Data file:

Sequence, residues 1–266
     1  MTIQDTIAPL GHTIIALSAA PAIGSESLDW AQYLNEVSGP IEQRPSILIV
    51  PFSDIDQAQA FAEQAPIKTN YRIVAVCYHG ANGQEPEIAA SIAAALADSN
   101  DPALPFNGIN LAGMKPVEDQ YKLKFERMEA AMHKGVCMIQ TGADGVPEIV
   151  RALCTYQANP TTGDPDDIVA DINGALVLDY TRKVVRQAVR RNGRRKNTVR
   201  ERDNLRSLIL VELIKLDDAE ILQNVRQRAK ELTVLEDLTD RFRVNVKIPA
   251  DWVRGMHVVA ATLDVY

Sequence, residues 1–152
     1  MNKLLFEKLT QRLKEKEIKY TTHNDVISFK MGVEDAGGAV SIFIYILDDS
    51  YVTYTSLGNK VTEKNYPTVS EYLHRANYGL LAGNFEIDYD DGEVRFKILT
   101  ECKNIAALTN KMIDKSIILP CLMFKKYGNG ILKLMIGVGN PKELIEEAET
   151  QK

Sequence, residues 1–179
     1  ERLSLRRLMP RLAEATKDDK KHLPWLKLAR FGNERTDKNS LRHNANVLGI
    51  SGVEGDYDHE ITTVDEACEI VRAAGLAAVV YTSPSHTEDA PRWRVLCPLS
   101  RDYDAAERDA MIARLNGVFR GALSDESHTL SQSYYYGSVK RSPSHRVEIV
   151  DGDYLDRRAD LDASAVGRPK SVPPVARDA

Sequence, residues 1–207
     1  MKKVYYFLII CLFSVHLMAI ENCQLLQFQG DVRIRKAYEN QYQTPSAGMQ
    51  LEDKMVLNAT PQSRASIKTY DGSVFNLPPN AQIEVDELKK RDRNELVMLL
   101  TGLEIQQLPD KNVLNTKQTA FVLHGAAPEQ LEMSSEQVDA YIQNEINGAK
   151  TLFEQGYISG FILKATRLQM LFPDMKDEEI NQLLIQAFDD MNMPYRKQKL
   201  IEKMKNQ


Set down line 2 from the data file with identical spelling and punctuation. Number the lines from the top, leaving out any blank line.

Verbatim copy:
     1  MTIQDTIAPL GHTIIALSAA PAIGSESLDW AQYLNEVSGP IEQRPSILIV